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SAP announces it's acquiring cloud HR software provider SuccessFactors (SFSF) for $40/share in...

SAP announces it's acquiring cloud HR software provider SuccessFactors (SFSF) for $40/share in cash, or $3.4B. The price represents a 52% premium to SuccessFactors' Friday close. The deal comes 6 weeks after Oracle's (ORCL) deal to acquire cloud customer support software firm RightNow (RNOW), and a month after SAP said it was forming a plan to expand its cloud offerings.
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Comments (10)
  • SwingTraders
    , contributor
    Comments (80) | Send Message
     
    Bombs away, Salesforce! About the time you begin to trim your revenue push to boost your bottom line, your competitors will be wooing customers with bargain basement prices that you can't compete with. They have the cash war chest and you have capitalized expenses as far as the eye can see.
    3 Dec 2011, 04:32 PM Reply Like
  • mP1
    , contributor
    Comments (386) | Send Message
     
    What if they want CRM !?!?
    3 Dec 2011, 08:42 PM Reply Like
  • Josh Krause
    , contributor
    Comments (1361) | Send Message
     
    This is a $3 billion deal. The ORCL/RNOW deal was a $1.3 billion deal.

     

    CRM is currently sitting at $16 billion market cap.

     

    These acquisitions are small in comparison.

     

    Let's look at the cash stockpiles of potential suitors:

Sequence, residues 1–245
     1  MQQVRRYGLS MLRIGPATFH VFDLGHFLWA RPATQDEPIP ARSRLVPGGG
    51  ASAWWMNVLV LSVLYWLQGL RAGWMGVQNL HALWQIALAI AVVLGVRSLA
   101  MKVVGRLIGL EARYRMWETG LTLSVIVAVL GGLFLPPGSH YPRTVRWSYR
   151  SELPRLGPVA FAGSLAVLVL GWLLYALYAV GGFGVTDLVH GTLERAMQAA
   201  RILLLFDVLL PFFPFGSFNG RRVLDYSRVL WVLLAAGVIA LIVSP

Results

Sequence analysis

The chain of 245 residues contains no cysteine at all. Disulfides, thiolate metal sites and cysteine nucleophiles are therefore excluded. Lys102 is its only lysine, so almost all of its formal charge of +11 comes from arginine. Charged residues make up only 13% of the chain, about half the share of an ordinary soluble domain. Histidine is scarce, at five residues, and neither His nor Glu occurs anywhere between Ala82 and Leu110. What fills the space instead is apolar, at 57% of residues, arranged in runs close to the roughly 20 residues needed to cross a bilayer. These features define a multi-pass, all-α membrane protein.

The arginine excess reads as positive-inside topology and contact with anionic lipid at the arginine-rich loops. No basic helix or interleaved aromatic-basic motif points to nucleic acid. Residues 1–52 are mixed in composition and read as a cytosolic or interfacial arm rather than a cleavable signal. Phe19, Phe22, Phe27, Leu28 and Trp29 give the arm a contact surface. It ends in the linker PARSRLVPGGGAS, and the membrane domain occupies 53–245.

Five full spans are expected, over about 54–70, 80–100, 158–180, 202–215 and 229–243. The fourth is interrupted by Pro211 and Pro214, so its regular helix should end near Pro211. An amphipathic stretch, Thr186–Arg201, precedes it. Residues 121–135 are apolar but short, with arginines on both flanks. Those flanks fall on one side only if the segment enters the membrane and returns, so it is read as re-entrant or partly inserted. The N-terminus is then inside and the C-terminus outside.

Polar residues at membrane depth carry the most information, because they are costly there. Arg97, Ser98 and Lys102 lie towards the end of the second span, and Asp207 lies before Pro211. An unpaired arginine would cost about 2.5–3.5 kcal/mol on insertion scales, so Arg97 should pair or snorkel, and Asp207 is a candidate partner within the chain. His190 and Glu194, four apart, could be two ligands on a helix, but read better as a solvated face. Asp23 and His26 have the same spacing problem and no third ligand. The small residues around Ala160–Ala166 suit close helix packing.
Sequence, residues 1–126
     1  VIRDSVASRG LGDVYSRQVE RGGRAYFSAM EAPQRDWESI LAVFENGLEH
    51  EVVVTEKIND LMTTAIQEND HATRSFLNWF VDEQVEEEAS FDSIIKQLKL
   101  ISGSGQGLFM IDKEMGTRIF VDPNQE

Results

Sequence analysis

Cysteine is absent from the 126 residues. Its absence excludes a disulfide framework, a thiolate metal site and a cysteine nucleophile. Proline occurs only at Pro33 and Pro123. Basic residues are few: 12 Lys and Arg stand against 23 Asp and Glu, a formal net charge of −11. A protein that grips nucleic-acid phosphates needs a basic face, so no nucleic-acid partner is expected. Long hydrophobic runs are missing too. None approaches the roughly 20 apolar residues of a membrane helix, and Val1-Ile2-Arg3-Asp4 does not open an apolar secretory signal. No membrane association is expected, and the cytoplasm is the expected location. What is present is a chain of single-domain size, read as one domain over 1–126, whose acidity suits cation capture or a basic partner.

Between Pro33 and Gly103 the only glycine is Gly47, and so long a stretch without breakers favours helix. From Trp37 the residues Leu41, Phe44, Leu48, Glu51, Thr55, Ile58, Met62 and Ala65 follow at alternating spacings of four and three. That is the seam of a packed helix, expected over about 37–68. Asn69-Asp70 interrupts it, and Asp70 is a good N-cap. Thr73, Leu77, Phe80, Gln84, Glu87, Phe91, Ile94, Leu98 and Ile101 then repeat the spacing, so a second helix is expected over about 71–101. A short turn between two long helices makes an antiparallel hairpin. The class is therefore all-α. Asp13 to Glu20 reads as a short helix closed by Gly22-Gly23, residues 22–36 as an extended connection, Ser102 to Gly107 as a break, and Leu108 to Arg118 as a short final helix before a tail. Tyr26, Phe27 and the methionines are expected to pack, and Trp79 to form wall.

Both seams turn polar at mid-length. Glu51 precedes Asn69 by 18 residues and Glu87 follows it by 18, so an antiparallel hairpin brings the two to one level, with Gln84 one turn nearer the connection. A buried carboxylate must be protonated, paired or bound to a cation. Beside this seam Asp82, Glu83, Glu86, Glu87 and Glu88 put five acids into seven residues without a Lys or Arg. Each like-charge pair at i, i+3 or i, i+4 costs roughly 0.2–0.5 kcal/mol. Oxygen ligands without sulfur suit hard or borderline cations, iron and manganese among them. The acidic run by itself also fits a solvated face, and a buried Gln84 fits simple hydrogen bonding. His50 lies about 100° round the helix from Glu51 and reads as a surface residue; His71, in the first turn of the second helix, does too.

Microsoft - $54B cash, $13B debt - Can afford it but already offering competing service
    Oracle - $31B cash, $14B debt - Can barely afford it but already offering competing service
    SAP - $5B cash, $5B debt - Can't afford it, Can hardly afford SFSF

     

    Why buy CRM when you can buy a competitor and attack CRM's already horrible profit margins?

     

    CRM might pop on this news, or it might tank. Low priced competition with massive cash stockpiles buying up the competition does not mean that CRM is in the running to be acquired, they are simply too big to buy out so the competition will more likely just take their customers with competing services instead.

     

    When ORCL bought RNOW, CRM was down for two days afterwards. What will happen now? Who knows but this acquisition makes CRM less likely of an acquisition target, not more. It also makes it harder for CRM to continue to their acquisition spree to hide losses through tax credits as this will only make future acquisitions more costly for everyone.
    4 Dec 2011, 10:45 AM Reply Like
  • foodforthought
    , contributor
    Comments (226) | Send Message
     
    Wrong....when ORCL acquired RNOW....CRM popped ~3% and was down the next 2 days for Europe related and other macro reasons...

     

    You shorts still think that someone's loss is someone's gain....

     

    No, the $3.6 trillion IT sector is in the midst of a long transformation and this is not a zero-sum game and this tidal wave will lift all the players higher going forward...
    4 Dec 2011, 02:50 PM Reply Like
  • foodforthought
    , contributor
    Comments (226) | Send Message
     
    This transformation will especially benefit pure vanilla players such as CRM which doesn't have conflicting agendas like ORCL and SAP which has been against this booming cloud computing business for years (because they still want their clients to spend billions for hardware and on-premise software) and recently switched their position because they see the upcoming switch from on-premise to on-demand....
    4 Dec 2011, 02:59 PM Reply Like
  • SwingTraders
    , contributor
    Comments (80) | Send Message
     
    Just like competition in the tablet space is good for Apple? Just like competition in the streaming media and video rental business was good for Netflix? Just like foreign competition in the auto business helped American auto manufacturers?